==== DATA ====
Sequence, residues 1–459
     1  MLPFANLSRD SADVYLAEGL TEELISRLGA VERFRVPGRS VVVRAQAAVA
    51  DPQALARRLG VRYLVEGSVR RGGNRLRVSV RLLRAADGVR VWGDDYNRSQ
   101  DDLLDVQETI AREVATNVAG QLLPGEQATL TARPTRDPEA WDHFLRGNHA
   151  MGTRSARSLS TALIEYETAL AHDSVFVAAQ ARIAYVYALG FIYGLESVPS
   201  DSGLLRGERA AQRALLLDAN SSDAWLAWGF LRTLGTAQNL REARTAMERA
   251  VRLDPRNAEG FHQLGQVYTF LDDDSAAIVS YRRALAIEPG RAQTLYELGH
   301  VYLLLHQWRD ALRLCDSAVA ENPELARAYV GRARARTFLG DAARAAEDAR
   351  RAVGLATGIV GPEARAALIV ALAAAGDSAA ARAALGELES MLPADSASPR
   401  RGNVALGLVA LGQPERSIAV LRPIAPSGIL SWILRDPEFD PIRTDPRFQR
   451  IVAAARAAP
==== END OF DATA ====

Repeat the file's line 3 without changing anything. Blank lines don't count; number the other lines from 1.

    51  DPQALARRLG VRYLVEGSVR RGGNRLRVSV RLLRAADGVR VWGDDYNRSQ